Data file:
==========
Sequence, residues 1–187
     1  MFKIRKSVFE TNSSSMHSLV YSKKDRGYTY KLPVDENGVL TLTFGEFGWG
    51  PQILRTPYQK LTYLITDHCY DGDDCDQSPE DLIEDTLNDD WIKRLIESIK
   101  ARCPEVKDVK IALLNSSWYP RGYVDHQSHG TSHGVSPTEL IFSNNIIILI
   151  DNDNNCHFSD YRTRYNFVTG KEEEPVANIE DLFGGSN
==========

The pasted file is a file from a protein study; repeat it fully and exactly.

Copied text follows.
Sequence, residues 1–187
     1  MFKIRKSVFE TNSSSMHSLV YSKKDRGYTY KLPVDENGVL TLTFGEFGWG
    51  PQILRTPYQK LTYLITDHCY DGDDCDQSPE DLIEDTLNDD WIKRLIESIK
   101  ARCPEVKDVK IALLNSSWYP RGYVDHQSHG TSHGVSPTEL IFSNNIIILI
   151  DNDNNCHFSD YRTRYNFVTG KEEEPVANIE DLFGGSN